There’s an old proverb which says “see the child at 7 and see the adult”. So here are a few must-learn healthy habits for kids so that the future adult isn’t snot-covered and sunburnt!
Wear a hat
The habit of putting on a hat whenever your child heads outdoors can start being taught from when he’s a baby. Most schools and childcare centres have a “No hat, no play” rule, so try enforcing one similar at home. And lead by example – make sure you always put on a hat whenever you go outside too.
Why you need to wear a hat
- Overexposure to UV during childhood and adolescence is known to be a major cause of skin cancer.
- 90% of damage leading to premature aging of the skin is cause by UV rays from the sun.
Coughing and sneezing etiquette
It seems that some kids constantly have a cough, cold and a very runny nose. Teach your littlie early to turn their head away from other people when coughing or sneezing and cover their mouth with their upper sleeve or elbow – not hand – or a tissue. Any used tissues should be immediately put in the rubbish bin and then hands washed with soap and water for at least 20 seconds, then dried thoroughly . If soap and water is not available, use hand sanitiser.
Why you need to take care when you cough and sneeze
- Cold and flu germs spread from person to person by way of coughing, sneezing or even talking. Droplets from an infected person get into the air and are inhaled by people nearby – anyone within a metre can be infected.
Wear a helmet
Whether your child is riding a scooter or a bike even up and down the driveway, he should be encouraged to wear a helmet from a young age so it becomes second nature. There are lots of very cool and colourful helmets available for children, just make sure it’s a good fit.
Why you need to wear a helmet
- According to research from the US, wearing a bicycle helmet reduces the risk of serious head injury by as much as 85% in the event of a crash, and the risk of brain injury by up to 88%. Helmets have also been shown to reduce the risk of injury to the upper and mid-face by 65%.
Wash your hands
You can’t have a list of healthy habits for kids without including this one. But this a simplified message, without the need for anti-bacterial soaps. All your child needs to do is use regular soap, water and friction to make their hands clean. Teach them to wash their hands after using the toilet, blowing their nose or playing with pets, and before eating.
Why you need to wash your hands
- Hand-washing is one of the most effective and important ways to control the spread of germs. Vigorous washing for 20 seconds – or for the time it take to sing the ABC song – is all that’s needed to get clean hands, according to the US Centre for Disease Control.
- Don’t scare the kids with this fact, but diseases like meningitis, flu, hepatitis A and most forms of infectious diarrhoea can be spread simply by dirty hands.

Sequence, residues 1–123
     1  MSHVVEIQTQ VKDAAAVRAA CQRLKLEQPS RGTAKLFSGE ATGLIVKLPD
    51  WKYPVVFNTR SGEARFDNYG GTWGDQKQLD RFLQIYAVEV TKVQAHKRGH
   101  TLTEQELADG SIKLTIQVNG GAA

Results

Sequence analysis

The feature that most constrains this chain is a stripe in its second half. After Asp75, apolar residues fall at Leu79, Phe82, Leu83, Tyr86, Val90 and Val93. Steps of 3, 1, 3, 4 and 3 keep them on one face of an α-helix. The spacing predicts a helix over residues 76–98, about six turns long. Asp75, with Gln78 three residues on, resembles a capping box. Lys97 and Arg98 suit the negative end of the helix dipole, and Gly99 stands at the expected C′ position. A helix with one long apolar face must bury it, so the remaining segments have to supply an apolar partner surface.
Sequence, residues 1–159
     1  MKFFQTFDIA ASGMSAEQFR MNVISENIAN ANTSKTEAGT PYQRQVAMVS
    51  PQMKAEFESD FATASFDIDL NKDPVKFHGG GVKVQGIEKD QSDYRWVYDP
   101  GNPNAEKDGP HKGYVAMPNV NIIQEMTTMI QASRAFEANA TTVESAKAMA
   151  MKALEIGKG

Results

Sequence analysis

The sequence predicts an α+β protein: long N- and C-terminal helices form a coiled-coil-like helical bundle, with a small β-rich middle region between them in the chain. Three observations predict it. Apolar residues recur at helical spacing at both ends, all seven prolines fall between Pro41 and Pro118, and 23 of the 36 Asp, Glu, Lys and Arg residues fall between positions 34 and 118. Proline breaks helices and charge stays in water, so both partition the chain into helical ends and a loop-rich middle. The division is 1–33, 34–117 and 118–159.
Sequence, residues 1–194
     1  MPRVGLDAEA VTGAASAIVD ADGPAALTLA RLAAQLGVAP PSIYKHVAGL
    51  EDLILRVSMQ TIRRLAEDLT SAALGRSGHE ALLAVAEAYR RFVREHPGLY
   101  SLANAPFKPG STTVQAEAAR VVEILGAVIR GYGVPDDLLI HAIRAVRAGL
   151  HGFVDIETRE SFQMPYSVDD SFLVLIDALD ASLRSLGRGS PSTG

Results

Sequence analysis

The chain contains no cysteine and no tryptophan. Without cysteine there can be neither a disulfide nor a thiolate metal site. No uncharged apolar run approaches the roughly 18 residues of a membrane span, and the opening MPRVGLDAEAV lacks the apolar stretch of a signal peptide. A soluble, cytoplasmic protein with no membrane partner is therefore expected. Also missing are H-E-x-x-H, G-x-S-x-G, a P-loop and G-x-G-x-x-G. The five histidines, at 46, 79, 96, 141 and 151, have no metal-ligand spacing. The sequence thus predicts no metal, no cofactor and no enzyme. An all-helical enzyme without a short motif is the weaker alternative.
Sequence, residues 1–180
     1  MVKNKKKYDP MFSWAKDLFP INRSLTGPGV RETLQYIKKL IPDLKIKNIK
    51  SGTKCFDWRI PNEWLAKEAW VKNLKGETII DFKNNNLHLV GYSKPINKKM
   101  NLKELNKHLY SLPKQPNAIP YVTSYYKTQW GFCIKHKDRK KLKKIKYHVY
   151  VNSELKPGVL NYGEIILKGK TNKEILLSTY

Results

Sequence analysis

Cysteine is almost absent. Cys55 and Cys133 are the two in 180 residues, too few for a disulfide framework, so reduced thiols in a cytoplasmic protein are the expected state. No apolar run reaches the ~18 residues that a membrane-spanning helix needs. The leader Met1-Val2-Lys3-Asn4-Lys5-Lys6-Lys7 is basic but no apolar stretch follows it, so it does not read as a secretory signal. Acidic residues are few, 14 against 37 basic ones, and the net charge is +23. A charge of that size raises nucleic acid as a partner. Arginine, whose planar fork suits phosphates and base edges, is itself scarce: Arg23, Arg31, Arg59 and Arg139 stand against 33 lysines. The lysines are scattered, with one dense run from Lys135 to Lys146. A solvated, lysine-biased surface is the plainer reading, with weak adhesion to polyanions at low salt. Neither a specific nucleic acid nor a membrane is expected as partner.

Clean your teeth
There’s no escaping this healthy habit with oral health so closely associated with overall health. If your child gets used to having their teeth cleaned twice a day, it will be an ingrained habit by the time they are in pre-school. Seeing parents clean their own teeth in the morning and night is also a subliminal habit-forming device.
Why you need to clean your teeth
- The human mouth has been described as a “window to your body’s overall health”. For example, poor oral health and gum disease has been linked with heart disease and cardiovascular problems.
- Baby teeth serve as spacers for the adult teeth. If the baby teeth need to be removed due to decay, they won’t be there to guide in the adult teeth which could lead to very costly orthodontic treatment to repair a bad bite or crooked teeth.
Don’t share drinks…
… or iceblocks, lollypops, cutlery or chap sticks. Many nasty germs are spread this way. Don’t scare your children, but firmly enforce a “no drink sharing” stance and practice the same at home.
Why you don’t share food
- The diseases spread by saliva include colds, flu and more serious ailments like meningitis and meningicoccal. So not sharing drinks and so on is a sensible practice for children to adopt.
Make healthy food choices
Your child needs your help completely for this – both in a providing and modelling role. Keep the pantry, fridge and fruit basket filled with yummy and nutritious snacks and meal options. Keep introducing him to healthy food and, as he gets a bit older, include him in making decisions about what to cook for dinner, or pack for lunch. A really good tip is to keep lots of fruit and veggies peeled, washed and cut up in the fridge – prepared fruit is a lot more palatable and enticing for grown ups and kids alike.
Why you need to make healthy food choices
- Recent statistics from the World Health Organisation show that 22 million children in the world under the age of five years are severely overweight. Research suggests many of these children will grow up to be overweight or obese adults which brings a myriad of health problems.
- It’ll be healthier for you too – studies have found that kids tend to mirror their parents’ eating habits so show them how much you love fresh fruit and vegetables, wholegrains and lean meats